How lucky we feel, to be in this place with such fabulous traveling companions!
It was a wonderful experience.
Laura prepared our first feast and others followed.
I could put my foot inside the nostril!
I am preparing now to teach an Oregon workshop focused on portraits later this month in the Columbia Arts Center right in Hood River’s charming downtown. It takes only about an hour to get to Hood River from downtown Portland. MORE INFORMATION about the workshop
DATES: June 19-21
HOURS: 9am – 4pm
Basic painting skills are helpful, but all levels are welcome
The first half of May I traveled in France to begin to formulate a workshop there for 2016. Laura Shea, Janet Parker, Mary Lee Damutz and I had an incredible time exploring the possibilities there. I will let you know the details when they’re set.
The second half of May I taught a workshop in Tuscany and I can’t wait to tell you more about it! Look for my next post, including work from this event.
Here is a portrait I started in a demo for the Portland group Buffalo Grass and finished in the Tuscany workshop, from a photo taken last year in Italy. This work is of an artist, Marj Pucchi, who taught art in the states and retired with her husband to his family home in the hills above Lucca. She is quite a charmer, both in personality and image!
Often that time spent with the initial planning determines the success of your painting! While this workshop covers all aspects of portrait painting, an exceptional work is very much dependent on design. Learn how to set yourself up for success with your portraits.
I began this as a demo in my 3-day workshop in Vancouver last April.
Here’s what the first pour looked like:
I’m liking how this begins! I’ve barely started laying in flesh tones when I take off with a pour.
Then with a brush I paint in the small red flowers using M.Graham’s Quinacridone Red — one of my favorite pigments (PR209). Daniel Smith calls it Quinacridone Coral. It’s confusing how different manufacturers use their own names for identical pigments! To know what you’re using you have to check the pigment numbers.
Notice the dark area — it overpowers the painting at this point but I know I’ll be adding other darks to balance it. And I’ve used my black mix which is quite liftable should I want to lighten it later on.
Below a detail of the pour:
To simulate moss, I’ve used a Daniel Smith paint Undersea Green which is essentially a mix of Ultramarine Blue and Quinacridone Gold (PB29 & PO49). Seeing two pigment numbers on a tube tells you it is a “convenience blend.”
D.Smith is a master of marketing and packaging, but the quality of their product is good. But I prefer the consistency of M.Graham. When I use DS paint I normally mix it up with water in a small squirt bottle because I don’t like that it dries out on my palette. If you don’t want to buy an extra tube of paint, just mix your own using M.Graham and you’ll find it pretty much works the same way. This mix works well with salt.
Here are two more details.
I’ve layered in darker areas of paint in the hair. Notice I’ve also done a bit of lifting.
I’ve added more detail to the hair, working in the appropriate values. And I still plan to integrate the edge between body and background. But my aim is to complete this without destroying all the freshness created by the paint pours!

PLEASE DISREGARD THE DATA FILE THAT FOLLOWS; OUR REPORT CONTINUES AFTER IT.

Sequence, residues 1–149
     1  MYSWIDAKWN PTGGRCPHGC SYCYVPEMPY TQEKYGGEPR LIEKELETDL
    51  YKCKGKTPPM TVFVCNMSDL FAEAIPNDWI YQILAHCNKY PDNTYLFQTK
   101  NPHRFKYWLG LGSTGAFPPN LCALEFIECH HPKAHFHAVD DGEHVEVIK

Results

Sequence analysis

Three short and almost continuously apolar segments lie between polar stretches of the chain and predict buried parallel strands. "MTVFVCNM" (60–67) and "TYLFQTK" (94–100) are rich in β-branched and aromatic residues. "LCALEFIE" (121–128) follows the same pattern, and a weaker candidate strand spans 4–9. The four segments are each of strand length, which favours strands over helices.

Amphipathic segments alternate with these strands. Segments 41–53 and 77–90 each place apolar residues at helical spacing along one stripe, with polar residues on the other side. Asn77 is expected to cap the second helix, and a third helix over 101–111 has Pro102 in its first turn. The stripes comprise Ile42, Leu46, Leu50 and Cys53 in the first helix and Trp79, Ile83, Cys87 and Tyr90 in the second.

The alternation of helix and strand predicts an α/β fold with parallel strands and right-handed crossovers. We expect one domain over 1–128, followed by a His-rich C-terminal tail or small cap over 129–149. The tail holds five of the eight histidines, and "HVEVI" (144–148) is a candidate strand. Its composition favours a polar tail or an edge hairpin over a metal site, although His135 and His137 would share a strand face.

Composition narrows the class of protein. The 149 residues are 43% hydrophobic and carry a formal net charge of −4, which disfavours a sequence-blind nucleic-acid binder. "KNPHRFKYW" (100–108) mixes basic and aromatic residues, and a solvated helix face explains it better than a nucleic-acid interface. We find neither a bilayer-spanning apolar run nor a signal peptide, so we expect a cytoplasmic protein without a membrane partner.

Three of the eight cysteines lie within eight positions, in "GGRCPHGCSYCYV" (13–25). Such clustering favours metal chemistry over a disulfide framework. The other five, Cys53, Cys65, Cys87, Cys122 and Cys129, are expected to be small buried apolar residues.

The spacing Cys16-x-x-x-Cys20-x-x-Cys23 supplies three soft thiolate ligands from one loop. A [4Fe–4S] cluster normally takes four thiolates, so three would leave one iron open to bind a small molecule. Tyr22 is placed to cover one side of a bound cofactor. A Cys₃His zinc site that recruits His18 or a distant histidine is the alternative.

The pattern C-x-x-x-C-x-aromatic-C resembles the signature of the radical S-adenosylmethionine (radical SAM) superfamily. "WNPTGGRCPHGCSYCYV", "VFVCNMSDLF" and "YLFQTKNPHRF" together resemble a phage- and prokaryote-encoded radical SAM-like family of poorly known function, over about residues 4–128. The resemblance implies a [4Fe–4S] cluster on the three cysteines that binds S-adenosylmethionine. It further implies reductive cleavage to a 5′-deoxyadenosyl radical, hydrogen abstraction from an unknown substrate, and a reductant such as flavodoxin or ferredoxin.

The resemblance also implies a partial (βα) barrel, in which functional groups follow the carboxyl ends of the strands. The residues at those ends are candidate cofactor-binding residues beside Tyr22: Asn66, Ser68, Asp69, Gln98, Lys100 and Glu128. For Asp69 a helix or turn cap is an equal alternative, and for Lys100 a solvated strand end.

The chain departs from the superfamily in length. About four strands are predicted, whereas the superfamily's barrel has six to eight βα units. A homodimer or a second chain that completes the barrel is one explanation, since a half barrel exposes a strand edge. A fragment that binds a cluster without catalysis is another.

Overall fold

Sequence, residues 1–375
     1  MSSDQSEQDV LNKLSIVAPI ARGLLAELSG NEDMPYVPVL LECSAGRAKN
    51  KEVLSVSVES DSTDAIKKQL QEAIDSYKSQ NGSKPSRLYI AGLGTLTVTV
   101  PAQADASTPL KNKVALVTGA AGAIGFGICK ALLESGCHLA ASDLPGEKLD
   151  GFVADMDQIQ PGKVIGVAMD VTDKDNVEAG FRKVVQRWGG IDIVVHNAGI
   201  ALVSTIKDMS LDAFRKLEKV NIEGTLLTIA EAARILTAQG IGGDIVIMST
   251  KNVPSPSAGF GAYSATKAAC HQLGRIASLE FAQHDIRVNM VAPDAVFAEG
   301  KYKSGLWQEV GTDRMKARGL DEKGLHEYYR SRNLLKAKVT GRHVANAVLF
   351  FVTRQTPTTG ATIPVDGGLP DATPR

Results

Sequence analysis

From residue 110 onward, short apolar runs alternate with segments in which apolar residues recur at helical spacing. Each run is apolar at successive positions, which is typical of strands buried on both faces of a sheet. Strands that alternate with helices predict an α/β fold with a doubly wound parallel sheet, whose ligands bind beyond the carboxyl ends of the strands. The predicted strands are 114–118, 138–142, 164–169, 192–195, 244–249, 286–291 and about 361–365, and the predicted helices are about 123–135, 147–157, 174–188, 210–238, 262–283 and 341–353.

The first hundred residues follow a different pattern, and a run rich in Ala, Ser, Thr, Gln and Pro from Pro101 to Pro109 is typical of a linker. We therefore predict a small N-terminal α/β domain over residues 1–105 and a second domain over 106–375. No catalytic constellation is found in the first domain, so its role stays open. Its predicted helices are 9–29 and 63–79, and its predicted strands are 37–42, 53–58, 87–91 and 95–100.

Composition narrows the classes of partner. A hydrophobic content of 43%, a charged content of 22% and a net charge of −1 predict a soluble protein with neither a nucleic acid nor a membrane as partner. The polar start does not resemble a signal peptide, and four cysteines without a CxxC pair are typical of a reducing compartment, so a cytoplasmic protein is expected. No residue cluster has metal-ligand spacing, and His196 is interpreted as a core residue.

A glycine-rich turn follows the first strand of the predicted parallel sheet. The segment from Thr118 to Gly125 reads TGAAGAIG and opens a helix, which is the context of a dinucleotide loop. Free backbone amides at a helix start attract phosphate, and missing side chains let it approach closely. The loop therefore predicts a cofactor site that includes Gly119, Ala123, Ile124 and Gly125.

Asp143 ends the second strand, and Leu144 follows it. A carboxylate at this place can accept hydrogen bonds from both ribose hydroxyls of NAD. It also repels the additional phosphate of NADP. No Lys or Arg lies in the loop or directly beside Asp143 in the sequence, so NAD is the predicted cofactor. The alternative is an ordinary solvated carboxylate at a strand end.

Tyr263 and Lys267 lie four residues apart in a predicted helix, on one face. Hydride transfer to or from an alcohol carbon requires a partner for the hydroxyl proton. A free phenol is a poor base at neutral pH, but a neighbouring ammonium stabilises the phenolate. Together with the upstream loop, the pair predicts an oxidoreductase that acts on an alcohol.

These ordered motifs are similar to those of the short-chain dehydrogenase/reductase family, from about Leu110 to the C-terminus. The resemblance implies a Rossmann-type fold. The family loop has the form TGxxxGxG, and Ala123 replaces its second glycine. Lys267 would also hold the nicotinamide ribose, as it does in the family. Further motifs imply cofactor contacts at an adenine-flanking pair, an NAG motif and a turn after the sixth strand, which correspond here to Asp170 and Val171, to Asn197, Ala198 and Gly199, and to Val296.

My painting “Pondering” took the top prize in the Western Federation Watercolor Society show in Lubbock Texas!
It is an incredible honor and I am still walking on air!!!
The exhibition runs April 16 through July 15
This full sheet piece is all about the dramatic lighting and keeping it loose!
Winning a top art award is a little like playing the lottery. After looking at the other entries for Western Fed, I am humbled! — You can see the other paintings entered HERE.
The show was juried by artist Linda Daly Baker.
And I am so pleased that among all those paintings, Linda chose to rank my painting first!
I had the pleasure of meeting Linda at the WSO convention last fall and she is one of the warmest, most generous jurors we have ever had. I could be biased because she gave me an award there, too. But I heard so many similar comments from others that I think not.
Check out her work HERE — it’s phenominal!
The thing is, I knew my entry was a strong one and that it had a shot at glory. But I’ve been disappointed before. A lot! And another juror may have given the prize to someone else — maybe you!
Like the lottery, you have to enter to win. My odds are better with art 🙂
This does cushion the blow of not getting a painting in the NWWS (Northwest Watercolor Society) show. And just so you know, I entered Western Fed several times before I even got a piece in. Ditto with WSO!
It totally pleases me that I can compete at this level! But no point in resting on my laurels… the immediate effect this has on me is it makes me want to paint. I want to top that one! And I know I will have to if I want to experience more of this.
If there is any one thing that helps me succeed in this arena it is that I love to learn!
I believe in my ability, but just being good is not enough. I am among incredible talent. So the only way to succeed is to keep pushing the envelope. It also helps to be relentless in my pursuit! Though I don’t paint every day, I work constantly — to the extent I have abandoned my closest friends — just ask them 🙁 they’ll agree!